# Tutor profile: Devin C.

## Questions

### Subject: Trigonometry

How do I memorise trigonometric identities and know which ones to use in which situations? There's just so many of them!

For memorisation, the perspective is very important. Some people realise that there are not as many identities as you think - many of the identities are actually related to one another, for example the identities for $\sin 2x$ and $\sin (x+y)$. One the relationship between the identities are explored, we can get by with just remembering a few simple ones that make our work easier - for example $\sin^2 \theta + \cos^2 \theta \equiv 1$. Application of trig identities is a different story. It takes practice to spot which identities will simplify the work the most, and with some experience at tackling problems the perfect identity for each problem becomes clearer and clearer.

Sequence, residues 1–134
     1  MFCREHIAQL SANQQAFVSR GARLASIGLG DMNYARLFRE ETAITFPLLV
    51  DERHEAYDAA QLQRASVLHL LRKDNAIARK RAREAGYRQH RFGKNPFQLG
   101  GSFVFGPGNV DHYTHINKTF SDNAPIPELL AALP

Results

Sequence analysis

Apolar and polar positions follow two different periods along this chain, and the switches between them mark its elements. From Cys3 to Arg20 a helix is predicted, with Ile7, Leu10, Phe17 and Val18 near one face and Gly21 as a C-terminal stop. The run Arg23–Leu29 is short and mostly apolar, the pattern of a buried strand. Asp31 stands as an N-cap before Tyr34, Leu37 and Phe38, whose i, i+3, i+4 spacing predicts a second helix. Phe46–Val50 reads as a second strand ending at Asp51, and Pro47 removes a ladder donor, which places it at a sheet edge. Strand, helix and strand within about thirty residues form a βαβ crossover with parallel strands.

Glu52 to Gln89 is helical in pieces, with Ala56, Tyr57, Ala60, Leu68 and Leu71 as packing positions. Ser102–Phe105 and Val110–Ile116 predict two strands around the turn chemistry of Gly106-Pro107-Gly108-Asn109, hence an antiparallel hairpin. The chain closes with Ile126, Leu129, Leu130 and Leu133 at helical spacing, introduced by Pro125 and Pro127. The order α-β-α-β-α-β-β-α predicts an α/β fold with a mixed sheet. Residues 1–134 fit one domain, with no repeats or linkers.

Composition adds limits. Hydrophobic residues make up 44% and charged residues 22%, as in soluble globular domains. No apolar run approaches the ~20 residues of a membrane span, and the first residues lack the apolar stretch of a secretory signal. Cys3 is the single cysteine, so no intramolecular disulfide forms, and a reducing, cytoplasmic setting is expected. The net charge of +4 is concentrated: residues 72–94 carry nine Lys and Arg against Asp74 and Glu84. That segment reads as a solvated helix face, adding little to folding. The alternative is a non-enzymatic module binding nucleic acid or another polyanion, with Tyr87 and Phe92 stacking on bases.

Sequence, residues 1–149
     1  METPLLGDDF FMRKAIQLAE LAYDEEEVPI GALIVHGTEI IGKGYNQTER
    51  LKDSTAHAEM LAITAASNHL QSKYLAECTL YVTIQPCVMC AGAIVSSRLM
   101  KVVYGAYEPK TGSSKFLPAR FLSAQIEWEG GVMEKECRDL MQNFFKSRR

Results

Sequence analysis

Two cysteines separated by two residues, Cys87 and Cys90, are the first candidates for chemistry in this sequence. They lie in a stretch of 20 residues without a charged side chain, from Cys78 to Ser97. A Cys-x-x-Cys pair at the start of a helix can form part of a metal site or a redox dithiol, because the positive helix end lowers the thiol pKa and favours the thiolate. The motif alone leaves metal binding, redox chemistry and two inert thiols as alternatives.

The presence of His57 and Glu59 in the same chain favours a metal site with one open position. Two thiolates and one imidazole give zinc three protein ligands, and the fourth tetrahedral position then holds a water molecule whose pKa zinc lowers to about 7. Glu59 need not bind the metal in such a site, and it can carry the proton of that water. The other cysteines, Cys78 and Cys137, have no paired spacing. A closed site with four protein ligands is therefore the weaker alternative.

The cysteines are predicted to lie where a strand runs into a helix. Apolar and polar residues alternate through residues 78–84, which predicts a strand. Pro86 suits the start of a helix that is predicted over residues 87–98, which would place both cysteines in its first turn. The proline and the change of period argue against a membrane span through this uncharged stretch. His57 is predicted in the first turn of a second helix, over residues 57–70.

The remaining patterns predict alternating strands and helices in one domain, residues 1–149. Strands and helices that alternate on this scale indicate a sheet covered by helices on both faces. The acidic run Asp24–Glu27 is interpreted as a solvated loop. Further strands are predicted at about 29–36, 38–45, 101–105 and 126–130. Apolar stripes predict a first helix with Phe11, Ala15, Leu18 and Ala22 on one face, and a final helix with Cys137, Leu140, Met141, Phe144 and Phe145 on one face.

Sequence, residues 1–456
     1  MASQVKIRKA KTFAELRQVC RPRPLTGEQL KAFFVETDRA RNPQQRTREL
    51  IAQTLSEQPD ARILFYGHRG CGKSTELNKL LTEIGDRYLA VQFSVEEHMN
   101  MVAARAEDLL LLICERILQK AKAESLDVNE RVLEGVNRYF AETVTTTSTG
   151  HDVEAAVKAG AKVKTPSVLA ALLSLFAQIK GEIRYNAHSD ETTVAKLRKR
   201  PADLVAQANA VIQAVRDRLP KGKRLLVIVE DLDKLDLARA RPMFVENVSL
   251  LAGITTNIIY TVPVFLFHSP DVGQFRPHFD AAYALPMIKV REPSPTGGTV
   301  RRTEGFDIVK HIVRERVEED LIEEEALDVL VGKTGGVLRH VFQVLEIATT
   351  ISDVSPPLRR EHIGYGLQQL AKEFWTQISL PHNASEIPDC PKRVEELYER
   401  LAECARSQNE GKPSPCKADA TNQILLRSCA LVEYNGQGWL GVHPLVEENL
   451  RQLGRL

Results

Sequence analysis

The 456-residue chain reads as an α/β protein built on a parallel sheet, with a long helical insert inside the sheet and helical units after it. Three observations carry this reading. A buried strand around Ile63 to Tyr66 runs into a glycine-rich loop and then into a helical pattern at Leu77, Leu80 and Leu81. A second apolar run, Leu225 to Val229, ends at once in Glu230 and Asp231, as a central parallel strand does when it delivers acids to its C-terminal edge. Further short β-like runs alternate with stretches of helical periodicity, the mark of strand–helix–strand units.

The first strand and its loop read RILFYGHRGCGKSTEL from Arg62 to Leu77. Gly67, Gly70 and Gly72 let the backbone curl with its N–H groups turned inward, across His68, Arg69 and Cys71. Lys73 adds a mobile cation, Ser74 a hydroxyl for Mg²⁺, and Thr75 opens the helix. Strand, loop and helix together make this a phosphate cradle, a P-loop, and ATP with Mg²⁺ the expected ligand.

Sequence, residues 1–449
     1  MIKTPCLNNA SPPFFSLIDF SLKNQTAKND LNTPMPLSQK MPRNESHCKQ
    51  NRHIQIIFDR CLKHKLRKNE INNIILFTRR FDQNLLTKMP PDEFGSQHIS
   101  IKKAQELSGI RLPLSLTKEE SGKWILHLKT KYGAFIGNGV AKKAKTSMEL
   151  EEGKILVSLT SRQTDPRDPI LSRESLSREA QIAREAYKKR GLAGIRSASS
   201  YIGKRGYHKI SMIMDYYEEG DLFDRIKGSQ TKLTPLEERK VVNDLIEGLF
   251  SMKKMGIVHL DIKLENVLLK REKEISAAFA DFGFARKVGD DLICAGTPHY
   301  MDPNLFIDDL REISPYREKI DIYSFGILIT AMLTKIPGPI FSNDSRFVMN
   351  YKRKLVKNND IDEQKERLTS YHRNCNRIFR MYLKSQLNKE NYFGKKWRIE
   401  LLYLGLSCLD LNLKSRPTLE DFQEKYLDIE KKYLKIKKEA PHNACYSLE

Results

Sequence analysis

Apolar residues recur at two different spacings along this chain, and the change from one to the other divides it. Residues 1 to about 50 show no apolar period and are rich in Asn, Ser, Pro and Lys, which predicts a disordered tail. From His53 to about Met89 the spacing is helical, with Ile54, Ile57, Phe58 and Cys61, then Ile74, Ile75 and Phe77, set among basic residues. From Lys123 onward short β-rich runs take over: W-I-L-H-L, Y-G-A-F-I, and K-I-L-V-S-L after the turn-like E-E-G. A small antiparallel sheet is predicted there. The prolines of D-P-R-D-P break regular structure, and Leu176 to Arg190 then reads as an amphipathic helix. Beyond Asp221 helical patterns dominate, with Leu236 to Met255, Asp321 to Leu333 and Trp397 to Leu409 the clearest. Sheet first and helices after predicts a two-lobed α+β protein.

### Subject: Calculus

What is the derivative of $e^x$? Is it $xe^{x-1}$?

Short Answer: No, the derivative of $e^x$ is still $e^x$. Long Answer: When I receive a question like this, I immediately realise that my student does not understand what the derivative is, and thinks of differentiation as a mechanical process where one "moves the power down and reduces power by 1". Therefore, it is important that a student understands the actual meaning of things, as bringing formulae from other functions may not work.

### Subject: Algebra

Why is the product of two negative numbers a positive number?

We can think of numbers on a line, where positive numbers mean "to the right", and negative numbers mean "to the left". This gives a "direction" to each number. The basic idea is simple actually, multiplying by a negative number REVERSES THE DIRECTION of the original number. Therefore, multiplying two negative number reverses the direction twice, so the number goes back to the initial direction, which is positive.

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